Nearshore Americas

Survey Shows Increased Optimism Among Latin American Execs

Despite rising inflation and high customs duty, Latin American economic prospects have continued to brighten by the day, according to a new survey by TNS Gallup. Almost half of the executives surveyed believe that their business is better today than a year ago, especially in Chile (64%), Mexico (63%) and Colombia (51%).

More than 69% of small and medium-sized businesses believe that the region’s economy will grow strongly over the next 12 months. In a similar survey conducted in 2011, only 62% of respondents had expressed confidence in seeing growth in their business. The survey was conducted for UPS Business Monitor.

“We are seeing businesses betting on their own countries and region through their investments. Nearly half of Latin American executives surveyed do not feel that the economic and financial context of developed countries will affect their businesses showing real confidence,” said Romaine Seguin, president of UPS Americas Region.

Nevertheless, SMEs in the region appear to be facing the same hurdles they had pointed out in the previous study. For example, Brazilian SMEs remain concerned about finding and retaining qualified personnel, while Argentine executives continue to mention an increase in labor costs as their top worry. This year, Colombians showed that market slowdown is their main concern.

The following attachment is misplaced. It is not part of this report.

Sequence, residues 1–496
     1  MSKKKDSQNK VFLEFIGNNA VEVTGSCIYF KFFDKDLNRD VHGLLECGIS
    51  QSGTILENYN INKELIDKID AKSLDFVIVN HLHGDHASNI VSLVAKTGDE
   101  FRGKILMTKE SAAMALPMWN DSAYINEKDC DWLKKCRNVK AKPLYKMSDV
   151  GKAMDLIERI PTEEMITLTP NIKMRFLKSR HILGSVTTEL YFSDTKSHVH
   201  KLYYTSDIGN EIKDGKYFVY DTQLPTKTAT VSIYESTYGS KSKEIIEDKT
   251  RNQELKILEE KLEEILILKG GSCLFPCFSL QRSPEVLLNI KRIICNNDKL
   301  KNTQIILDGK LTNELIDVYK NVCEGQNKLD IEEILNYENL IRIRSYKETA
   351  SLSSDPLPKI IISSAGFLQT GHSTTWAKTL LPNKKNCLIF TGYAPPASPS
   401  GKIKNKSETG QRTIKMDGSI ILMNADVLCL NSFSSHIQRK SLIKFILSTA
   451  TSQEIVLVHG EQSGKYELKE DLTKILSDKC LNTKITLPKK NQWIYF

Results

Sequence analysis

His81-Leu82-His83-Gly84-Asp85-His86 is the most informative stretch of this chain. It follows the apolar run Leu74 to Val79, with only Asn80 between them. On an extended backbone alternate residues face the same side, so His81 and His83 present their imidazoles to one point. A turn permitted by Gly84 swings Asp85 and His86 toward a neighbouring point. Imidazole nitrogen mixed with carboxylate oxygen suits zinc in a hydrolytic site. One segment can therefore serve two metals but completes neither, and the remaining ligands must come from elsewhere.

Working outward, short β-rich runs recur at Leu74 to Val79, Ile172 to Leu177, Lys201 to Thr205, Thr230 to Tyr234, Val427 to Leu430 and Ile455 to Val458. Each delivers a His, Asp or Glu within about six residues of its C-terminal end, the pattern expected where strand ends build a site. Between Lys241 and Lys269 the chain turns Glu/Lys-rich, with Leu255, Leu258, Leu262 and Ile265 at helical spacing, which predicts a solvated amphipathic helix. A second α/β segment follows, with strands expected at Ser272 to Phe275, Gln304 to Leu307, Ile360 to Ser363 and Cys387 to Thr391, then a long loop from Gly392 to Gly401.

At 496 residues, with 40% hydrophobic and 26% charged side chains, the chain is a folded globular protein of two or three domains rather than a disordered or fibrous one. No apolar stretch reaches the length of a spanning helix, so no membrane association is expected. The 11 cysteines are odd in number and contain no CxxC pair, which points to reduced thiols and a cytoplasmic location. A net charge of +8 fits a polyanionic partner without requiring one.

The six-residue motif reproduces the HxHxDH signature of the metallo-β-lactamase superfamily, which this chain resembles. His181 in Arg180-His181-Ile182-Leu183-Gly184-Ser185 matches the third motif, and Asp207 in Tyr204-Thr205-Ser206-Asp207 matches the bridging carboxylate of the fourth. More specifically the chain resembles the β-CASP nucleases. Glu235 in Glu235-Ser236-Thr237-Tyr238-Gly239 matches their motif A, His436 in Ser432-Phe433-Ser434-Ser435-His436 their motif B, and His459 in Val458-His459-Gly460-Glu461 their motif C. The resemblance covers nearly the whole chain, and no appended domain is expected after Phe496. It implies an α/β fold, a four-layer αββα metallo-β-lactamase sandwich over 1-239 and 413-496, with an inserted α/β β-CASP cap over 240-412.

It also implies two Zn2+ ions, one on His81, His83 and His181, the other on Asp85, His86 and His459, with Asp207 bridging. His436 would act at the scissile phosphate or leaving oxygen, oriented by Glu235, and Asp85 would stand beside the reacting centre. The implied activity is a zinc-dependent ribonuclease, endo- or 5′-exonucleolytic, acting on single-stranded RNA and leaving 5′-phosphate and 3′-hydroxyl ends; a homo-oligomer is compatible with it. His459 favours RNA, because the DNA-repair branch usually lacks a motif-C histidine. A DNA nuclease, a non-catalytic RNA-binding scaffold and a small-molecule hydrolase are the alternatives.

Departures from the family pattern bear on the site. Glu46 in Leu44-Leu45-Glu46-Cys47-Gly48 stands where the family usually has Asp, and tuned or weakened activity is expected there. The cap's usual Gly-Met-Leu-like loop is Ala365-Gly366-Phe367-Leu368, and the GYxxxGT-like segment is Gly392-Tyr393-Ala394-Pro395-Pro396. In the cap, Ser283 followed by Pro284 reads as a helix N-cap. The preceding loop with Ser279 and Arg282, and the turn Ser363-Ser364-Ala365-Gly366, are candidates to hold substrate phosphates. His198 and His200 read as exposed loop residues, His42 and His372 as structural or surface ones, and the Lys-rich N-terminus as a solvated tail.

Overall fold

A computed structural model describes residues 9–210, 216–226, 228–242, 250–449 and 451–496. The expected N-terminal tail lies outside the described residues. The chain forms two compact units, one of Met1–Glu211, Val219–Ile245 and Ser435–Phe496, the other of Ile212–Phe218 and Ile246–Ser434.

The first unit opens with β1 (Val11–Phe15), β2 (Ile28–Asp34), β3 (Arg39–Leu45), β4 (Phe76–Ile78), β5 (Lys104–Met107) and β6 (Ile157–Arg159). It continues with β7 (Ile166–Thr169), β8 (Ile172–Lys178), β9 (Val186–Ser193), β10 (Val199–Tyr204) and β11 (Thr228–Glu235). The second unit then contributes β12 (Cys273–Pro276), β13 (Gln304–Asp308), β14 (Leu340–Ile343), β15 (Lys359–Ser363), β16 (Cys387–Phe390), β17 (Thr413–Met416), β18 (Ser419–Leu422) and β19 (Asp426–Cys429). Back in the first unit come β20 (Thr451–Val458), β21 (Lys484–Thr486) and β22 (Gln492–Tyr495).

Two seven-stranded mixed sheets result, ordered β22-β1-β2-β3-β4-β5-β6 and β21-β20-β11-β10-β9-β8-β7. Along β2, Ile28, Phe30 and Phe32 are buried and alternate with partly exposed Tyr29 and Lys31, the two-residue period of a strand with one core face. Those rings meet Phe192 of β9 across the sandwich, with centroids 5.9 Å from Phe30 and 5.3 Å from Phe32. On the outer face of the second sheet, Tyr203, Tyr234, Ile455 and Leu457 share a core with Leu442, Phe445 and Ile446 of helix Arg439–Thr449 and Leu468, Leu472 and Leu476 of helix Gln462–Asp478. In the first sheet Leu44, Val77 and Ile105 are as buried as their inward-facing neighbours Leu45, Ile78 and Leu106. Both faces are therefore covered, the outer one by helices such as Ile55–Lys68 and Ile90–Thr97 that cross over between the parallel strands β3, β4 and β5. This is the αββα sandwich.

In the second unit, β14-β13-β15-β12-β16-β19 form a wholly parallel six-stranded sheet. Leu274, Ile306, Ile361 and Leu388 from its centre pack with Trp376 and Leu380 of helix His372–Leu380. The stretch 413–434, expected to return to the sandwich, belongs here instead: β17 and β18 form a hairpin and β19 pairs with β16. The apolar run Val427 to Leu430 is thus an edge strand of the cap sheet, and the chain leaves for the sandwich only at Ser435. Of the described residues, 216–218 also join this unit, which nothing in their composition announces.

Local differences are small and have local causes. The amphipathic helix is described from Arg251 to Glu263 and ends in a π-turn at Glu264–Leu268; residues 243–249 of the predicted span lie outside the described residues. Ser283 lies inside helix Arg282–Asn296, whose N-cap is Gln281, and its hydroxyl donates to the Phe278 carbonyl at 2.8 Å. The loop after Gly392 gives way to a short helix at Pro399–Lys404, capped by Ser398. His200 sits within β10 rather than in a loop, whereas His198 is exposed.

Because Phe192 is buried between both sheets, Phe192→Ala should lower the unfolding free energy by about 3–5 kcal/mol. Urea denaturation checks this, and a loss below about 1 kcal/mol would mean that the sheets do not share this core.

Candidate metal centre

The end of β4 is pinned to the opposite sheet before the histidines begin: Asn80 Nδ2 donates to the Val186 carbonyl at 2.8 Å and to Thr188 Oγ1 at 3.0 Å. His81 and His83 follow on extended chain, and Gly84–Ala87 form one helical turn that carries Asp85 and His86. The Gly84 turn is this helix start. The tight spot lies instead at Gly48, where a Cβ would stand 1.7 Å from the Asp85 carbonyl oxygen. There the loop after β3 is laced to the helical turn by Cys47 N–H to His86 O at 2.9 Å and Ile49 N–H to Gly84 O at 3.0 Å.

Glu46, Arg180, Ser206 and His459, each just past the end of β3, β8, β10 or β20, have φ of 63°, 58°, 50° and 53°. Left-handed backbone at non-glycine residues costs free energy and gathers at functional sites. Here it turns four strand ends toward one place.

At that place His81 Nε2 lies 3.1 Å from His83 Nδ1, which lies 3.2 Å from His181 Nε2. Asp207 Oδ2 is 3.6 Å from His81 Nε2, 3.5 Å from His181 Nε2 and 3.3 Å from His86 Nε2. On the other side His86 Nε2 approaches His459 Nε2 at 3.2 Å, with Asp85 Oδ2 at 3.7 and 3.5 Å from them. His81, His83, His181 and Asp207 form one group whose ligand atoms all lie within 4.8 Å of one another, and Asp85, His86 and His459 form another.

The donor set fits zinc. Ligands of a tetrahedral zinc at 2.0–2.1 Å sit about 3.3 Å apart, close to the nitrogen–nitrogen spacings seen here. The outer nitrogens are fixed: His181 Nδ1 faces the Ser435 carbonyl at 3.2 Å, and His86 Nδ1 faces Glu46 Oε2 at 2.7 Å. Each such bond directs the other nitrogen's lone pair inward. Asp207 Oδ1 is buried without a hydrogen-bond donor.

“Latin America has come a long way over the last few years; they have a new sense of self, both politically and economically, and you can see this in the optimism revealed by SMEs across the region,” said Eduardo Gamarra, professor of Latin American and Caribbean politics at Florida International University.

More than 80% of respondents said they believe adoption of information technology (IT) would boost their competitiveness, but only 14% of them said they are giving priority to the IT over the next 12 months. At regional level, investment in marketing and sales is a top priority.

Many SMEs see customs duties and the search for suppliers as the two most significant challenges, while a few others considered fiscal constraints (46%) as their main challenge followed by the economy and inflation (41%). The study was conducted in Argentina, Brazil, Chile, Colombia, Costa Rica, Dominican Republic and Mexico.

Narayan Ammachchi

News Editor for Nearshore Americas, Narayan Ammachchi is a career journalist with a decade of experience in politics and international business. He works out of his base in the Indian Silicon City of Bangalore.

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